In this issue

Jonathan Tobin: Defending the Right to a Jewish State

Heather Hale: Compliment your kids without giving them big heads

Megan Shauri: 10 ways you are ruining your own happiness

Carolyn Bigda: 8 Best Dividend Stocks for 2015

Kiplinger's Personal Finance editors: 7 Things You Didn't Know About Paying Off Student Loans

Samantha Olson: The Crucial Mistake 55% Of Parents Are Making At Their Baby's Bedtime

Densie Well, Ph.D., R.D. Open your eyes to yellow vegetables

The Kosher Gourmet by Megan Gordon With its colorful cache of purples and oranges and reds, COLLARD GREEN SLAW is a marvelous mood booster --- not to mention just downright delish
April 18, 2014

Rabbi Yonason Goldson: Clarifying one of the greatest philosophical conundrums in theology

Caroline B. Glick: The disappearance of US will

Megan Wallgren: 10 things I've learned from my teenagers

Lizette Borreli: Green Tea Boosts Brain Power, May Help Treat Dementia

John Ericson: Trying hard to be 'positive' but never succeeding? Blame Your Brain

The Kosher Gourmet by Julie Rothman Almondy, flourless torta del re (Italian king's cake), has royal roots, is simple to make, . . . but devour it because it's simply delicious

April 14, 2014

Rabbi Dr Naftali Brawer: Passover frees us from the tyranny of time

Greg Crosby: Passing Over Religion

Eric Schulzke: First degree: How America really recovered from a murder epidemic

Georgia Lee: When love is not enough: Teaching your kids about the realities of adult relationships

Cameron Huddleston: Freebies for Your Lawn and Garden

Gordon Pape: How you can tell if your financial adviser is setting you up for potential ruin

Dana Dovey: Up to 500,000 people die each year from hepatitis C-related liver disease. New Treatment Has Over 90% Success Rate

Justin Caba: Eating Watermelon Can Help Control High Blood Pressure

The Kosher Gourmet by Joshua E. London and Lou Marmon Don't dare pass over these Pesach picks for Manischewitz!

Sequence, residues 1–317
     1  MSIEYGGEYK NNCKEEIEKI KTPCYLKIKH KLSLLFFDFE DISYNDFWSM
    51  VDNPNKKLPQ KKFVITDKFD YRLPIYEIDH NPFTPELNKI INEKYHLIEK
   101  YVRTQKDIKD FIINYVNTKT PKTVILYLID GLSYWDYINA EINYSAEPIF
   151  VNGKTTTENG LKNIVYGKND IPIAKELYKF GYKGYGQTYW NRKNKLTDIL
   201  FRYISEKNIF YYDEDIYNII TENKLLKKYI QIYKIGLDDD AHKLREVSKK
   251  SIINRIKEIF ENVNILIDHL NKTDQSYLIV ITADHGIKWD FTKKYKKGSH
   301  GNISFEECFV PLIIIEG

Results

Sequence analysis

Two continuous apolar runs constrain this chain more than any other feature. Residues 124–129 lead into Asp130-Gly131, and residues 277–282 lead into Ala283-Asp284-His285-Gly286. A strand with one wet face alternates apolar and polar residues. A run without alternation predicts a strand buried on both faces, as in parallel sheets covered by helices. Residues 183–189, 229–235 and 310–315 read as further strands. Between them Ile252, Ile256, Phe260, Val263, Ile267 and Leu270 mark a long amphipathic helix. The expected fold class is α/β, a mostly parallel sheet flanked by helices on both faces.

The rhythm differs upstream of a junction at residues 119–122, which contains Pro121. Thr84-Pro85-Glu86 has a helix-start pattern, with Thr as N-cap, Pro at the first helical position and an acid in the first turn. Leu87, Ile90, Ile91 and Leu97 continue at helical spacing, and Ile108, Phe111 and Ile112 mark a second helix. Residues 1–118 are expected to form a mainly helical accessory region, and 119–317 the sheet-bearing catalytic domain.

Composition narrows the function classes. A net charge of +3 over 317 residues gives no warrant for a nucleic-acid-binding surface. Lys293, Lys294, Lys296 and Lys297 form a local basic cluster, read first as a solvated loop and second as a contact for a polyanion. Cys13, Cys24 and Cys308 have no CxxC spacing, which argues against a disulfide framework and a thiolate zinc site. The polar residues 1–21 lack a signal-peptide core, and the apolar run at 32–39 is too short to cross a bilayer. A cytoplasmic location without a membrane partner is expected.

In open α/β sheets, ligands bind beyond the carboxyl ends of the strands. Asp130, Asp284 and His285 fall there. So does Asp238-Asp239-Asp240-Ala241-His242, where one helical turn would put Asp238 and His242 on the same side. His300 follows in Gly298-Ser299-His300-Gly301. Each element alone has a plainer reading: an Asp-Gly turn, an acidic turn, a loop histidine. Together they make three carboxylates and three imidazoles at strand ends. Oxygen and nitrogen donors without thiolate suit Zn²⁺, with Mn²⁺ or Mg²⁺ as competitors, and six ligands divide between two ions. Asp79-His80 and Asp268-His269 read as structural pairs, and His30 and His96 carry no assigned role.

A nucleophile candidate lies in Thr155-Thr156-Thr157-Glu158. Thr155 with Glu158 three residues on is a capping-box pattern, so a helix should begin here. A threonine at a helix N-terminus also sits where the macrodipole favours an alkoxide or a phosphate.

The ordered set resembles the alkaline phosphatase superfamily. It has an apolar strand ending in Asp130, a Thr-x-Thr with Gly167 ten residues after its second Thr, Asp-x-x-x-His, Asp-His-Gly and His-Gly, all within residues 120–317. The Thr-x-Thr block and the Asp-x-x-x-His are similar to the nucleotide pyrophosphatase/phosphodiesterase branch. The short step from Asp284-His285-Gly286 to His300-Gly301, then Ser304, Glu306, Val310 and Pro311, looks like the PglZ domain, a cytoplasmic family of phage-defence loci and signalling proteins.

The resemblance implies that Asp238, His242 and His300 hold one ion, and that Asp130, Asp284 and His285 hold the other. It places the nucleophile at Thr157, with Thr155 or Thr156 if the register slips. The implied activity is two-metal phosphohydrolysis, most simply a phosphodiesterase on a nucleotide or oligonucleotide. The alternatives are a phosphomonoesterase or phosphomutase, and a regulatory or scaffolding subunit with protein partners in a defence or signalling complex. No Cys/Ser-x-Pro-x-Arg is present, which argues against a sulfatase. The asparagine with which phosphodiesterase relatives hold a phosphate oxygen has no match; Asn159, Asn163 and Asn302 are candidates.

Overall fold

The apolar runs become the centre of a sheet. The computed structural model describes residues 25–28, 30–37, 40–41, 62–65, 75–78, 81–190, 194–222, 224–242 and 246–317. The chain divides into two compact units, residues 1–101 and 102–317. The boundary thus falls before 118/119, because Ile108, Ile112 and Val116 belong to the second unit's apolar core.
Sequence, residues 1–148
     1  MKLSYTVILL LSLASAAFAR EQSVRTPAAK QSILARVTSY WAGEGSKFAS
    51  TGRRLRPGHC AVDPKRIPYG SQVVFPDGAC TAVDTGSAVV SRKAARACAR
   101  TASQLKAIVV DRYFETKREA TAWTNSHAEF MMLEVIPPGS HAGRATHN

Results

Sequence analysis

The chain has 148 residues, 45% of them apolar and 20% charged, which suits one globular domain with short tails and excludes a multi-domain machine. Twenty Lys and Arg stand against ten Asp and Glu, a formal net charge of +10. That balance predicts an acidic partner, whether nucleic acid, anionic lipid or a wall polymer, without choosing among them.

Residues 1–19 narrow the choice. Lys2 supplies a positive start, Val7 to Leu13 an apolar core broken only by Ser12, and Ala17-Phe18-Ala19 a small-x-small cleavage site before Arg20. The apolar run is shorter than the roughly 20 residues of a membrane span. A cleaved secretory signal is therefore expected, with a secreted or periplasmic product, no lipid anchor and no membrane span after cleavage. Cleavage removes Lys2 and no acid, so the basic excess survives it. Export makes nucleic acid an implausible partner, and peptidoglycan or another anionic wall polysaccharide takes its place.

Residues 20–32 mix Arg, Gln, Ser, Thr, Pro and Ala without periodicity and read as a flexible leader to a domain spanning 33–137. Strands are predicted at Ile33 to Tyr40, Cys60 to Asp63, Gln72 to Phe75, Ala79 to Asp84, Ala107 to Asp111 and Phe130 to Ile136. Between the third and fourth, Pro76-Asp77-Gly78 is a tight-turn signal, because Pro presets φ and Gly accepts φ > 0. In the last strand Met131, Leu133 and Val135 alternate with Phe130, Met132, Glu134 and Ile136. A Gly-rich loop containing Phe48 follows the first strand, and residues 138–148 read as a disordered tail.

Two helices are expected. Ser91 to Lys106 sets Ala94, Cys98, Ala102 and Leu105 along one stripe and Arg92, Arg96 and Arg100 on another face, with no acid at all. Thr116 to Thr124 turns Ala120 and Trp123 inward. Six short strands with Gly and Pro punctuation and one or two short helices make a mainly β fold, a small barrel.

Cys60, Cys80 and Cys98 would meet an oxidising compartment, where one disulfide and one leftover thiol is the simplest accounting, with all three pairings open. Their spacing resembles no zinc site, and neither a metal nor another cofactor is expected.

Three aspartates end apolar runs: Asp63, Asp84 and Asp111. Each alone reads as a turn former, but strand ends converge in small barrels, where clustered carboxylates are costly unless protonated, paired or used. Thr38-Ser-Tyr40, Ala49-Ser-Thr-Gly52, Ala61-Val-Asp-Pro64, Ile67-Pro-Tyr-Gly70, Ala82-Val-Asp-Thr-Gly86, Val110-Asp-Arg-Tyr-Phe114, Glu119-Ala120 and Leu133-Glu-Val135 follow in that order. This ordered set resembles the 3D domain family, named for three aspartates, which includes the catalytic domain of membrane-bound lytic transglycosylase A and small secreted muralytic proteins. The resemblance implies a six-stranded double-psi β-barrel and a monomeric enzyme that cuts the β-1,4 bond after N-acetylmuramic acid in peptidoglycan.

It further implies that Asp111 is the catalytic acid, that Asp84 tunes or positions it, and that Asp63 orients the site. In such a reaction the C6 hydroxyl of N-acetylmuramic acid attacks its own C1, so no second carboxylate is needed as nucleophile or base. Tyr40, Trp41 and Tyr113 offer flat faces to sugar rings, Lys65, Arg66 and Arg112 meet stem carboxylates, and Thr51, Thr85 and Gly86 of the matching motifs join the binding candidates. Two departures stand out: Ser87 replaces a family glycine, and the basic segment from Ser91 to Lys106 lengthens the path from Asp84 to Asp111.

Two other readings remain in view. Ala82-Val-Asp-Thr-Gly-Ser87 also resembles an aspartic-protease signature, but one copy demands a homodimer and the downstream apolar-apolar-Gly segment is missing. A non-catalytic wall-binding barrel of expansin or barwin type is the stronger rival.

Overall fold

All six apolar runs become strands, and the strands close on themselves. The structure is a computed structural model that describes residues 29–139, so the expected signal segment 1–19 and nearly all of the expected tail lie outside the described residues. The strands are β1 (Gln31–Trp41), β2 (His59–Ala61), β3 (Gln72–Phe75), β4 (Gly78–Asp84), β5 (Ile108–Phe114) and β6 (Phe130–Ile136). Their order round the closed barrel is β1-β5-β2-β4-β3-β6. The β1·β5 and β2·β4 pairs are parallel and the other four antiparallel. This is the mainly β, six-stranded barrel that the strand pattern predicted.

April 11, 2014

Rabbi Hillel Goldberg: Silence is much more than golden

Caroline B. Glick: Forgetting freedom at Passover

Susan Swann: How to value a child for who he is, not just what he does

Cameron Huddleston: 7 Financial Tasks You Should Tackle Right Now

Sandra Block and Lisa Gerstner: How to Profit From Your Passion

Susan Scutti: A Simple Blood Test Might Soon Diagnose Cancer

Chris Weller: Have A Slow Metabolism? Let Science Speed It Up For You

The Kosher Gourmet by Diane Rossen Worthington Whitefish Terrine: A French take on gefilte fish

April 9, 2014

Jonathan Tobin: Why Did Kerry Lie About Israeli Blame?

Samuel G. Freedman: A resolution 70 years later for a father's unsettling legacy of ashes from Dachau

Jessica Ivins: A resolution 70 years later for a father's unsettling legacy of ashes from Dachau

Kim Giles: Asking for help is not weakness

Kathy Kristof and Barbara Hoch Marcus: 7 Great Growth Israeli Stocks

Matthew Mientka: How Beans, Peas, And Chickpeas Cleanse Bad Cholesterol and Lowers Risk of Heart Disease

Sabrina Bachai: 5 At-Home Treatments For Headaches

The Kosher Gourmet by Daniel Neman Have yourself a matzo ball: The secrets bubby never told you and recipes she could have never imagined

April 8, 2014

Lori Nawyn: At Your Wit's End and Back: Finding Peace

Susan B. Garland and Rachel L. Sheedy: Strategies Married Couples Can Use to Boost Benefits

David Muhlbaum: Smart Tax Deductions Non-Itemizers Can Claim

Jill Weisenberger, M.S., R.D.N., C.D.E : Before You Lose Your Mental Edge

Dana Dovey: Coffee Drinkers Rejoice! Your Cup Of Joe Can Prevent Death From Liver Disease

Chris Weller: Electric 'Thinking Cap' Puts Your Brain Power Into High Gear

The Kosher Gourmet by Marlene Parrish A gift of hazelnuts keeps giving --- for a variety of nutty recipes: Entree, side, soup, dessert

April 4, 2014

Rabbi David Gutterman: The Word for Nothing Means Everything

Charles Krauthammer: Kerry's folly, Chapter 3

Amy Peterson: A life of love: How to build lasting relationships with your children

John Ericson: Older Women: Save Your Heart, Prevent Stroke Don't Drink Diet

John Ericson: Why 50 million Americans will still have spring allergies after taking meds

Cameron Huddleston: Best and Worst Buys of April 2014

Stacy Rapacon: Great Mutual Funds for Young Investors

Sarah Boesveld: Teacher keeps promise to mail thousands of former students letters written by their past selves

The Kosher Gourmet by Sharon Thompson Anyone can make a salad, you say. But can they make a great salad? (SECRETS, TESTED TECHNIQUES + 4 RECIPES, INCLUDING DRESSINGS)

April 2, 2014

Paul Greenberg: Death and joy in the spring

Dan Barry: Should South Carolina Jews be forced to maintain this chimney built by Germans serving the Nazis?

Mayra Bitsko: Save me! An alien took over my child's personality

Frank Clayton: Get happy: 20 scientifically proven happiness activities

Susan Scutti: It's Genetic! Obesity and the 'Carb Breakdown' Gene

Lecia Bushak: Why Hand Sanitizer May Actually Harm Your Health

Stacy Rapacon: Great Funds You Can Own for $500 or Less